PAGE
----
Kung Fu Panda 2




Rating: PG


Reason for the Rating: Sequences of martial arts action and mild violence.


Plot Summary: There’s a new villain threatening China, a peacock who has created a weapon that can beat Kung Fu, and Po and the Furious Five must stop him


PopFam Recommends: The martial arts action might be intense for your youngest kids, but this is a fun and exciting movie that the entire family will enjoy.


Have you ever pictured one of the most evil villains threatening the world as a…peacock? I haven’t. But then stranger things have happened. After all, Po, a cuddly panda, has a goose for a dad. The unlikely pairing of a super-villain peacock and a panda with daddy issues sets the scene for the surprisingly fun sequel to Kung Fu Panda.


Shen (Gary Oldman), said evil peacock, is from a city that developed fireworks for beauty and fun. But Shen began to use this new knowledge to create something dark and dangerous, a weapon. His parents sent him away, with much regret, for the safety of the city. But Shen secretly works for years to develop firepower and now plans to use it to avenge his parents’ treatment of him, take over all of China, and end Kung Fu. It’s a The Last Samurai of China of sorts.


Master Shifu (Dustin Hoffman) is teaching Po (Jack Black) how to find inner peace (and not just his inner stomach growling) when they learn the news. Dragon Warrior Po and the Furious Five must stop Shen before he destroys China and Kung Fu. But as Po encounters Shen and his wolf allies, he begins having flash backs, memories from his childhood. He begins to wonder where he came from and realizes that he must reconcile with his painful past in order to find true inner peace.


Sequels are always a bit scary—you hope the filmmakers won’t ruin a good thing. And in this case, they haven’t. What seems like it might be a ridiculous foundation, namely a crazed peacock villain, is pulled off beautifully by Gary Oldman. His manic charisma and twisted mind make a perfectly believable (and enjoyable) villain. (It kind of made me want to be a kung fu peacock.) And Shen’s storyline dovetails perfectly with Po’s. Both struggle to deal with the perceived injustices dealt them in the past. Shen takes a route of revenge, whereas Po chooses that the past injustices won’t define him, but the choices he makes each day and the friends and family he has will.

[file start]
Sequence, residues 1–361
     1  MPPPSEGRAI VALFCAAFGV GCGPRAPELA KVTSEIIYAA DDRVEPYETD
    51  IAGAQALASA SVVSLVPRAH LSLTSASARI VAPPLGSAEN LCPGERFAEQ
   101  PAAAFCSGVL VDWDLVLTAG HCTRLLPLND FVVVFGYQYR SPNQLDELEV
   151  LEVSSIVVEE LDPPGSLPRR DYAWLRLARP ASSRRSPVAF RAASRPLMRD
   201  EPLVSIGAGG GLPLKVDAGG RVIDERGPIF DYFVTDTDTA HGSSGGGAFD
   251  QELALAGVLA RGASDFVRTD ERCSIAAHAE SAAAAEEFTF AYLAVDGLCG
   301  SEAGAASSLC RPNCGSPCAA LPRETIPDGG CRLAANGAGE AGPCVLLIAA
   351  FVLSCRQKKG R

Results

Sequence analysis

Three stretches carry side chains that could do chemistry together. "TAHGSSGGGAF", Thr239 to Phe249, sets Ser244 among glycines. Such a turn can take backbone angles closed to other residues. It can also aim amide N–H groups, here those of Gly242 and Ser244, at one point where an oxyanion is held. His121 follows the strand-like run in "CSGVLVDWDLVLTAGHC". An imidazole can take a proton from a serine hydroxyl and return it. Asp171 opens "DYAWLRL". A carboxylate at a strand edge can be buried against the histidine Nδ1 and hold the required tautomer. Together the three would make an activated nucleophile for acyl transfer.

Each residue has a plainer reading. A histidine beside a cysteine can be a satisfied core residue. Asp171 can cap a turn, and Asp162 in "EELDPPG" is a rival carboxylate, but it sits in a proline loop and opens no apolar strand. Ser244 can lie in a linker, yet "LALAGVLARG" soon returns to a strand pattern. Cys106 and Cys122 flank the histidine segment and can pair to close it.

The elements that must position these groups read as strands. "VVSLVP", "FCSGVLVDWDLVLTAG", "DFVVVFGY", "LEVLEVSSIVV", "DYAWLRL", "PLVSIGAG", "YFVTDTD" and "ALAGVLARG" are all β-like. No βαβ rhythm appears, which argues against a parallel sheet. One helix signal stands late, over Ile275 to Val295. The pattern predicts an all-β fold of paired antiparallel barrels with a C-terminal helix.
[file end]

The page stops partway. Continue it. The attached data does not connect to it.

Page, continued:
This central theme of the movie is positive, but some parents may be wary of the Eastern themes of “inner peace” and the use of the yin yang symbol, which is used to symbolize a soothsayer’s vision that a black and white hero will ultimately defeat Shen.


The visuals of this movie are beautiful and exciting—the stunning China countryside interlaced with the fast fight scenes of the Dragon Warrior and the Furious Five. I even found the 3D enhanced the visuals, rather than detracting from it as it sometimes does. The story holds up to the pace of the movie, creating a movie that is fun enough for the kids, interesting for the adults, and funny for all.


Kung Fu Panda 2 is a great movie to kick off the summer with your family!


Let’s Talk About It

Use these questions to spark discussion among family members who are interested in this movie:


• Tigress is “hard core” as can be, but she still takes time to comfort Po. What can you learn from Tigress about being a caring tiger…err person…even when being tough and disciplined?


• Po needs to find inner peace in order to have the concentration to be a kung fu warrior. Where do you think real inner peace comes from?


• Master Shifu says the hardest thing he’s ever had to deal with was finding out Po was the Dragon Warrior. Po had to deal with learning the sad truth of his past. What has been the hardest thing you’ve had to deal with, and how did you deal with it?




Note: All product-related graphics in this article are standard publicity/promotional shots and are owned by their respective publisher.

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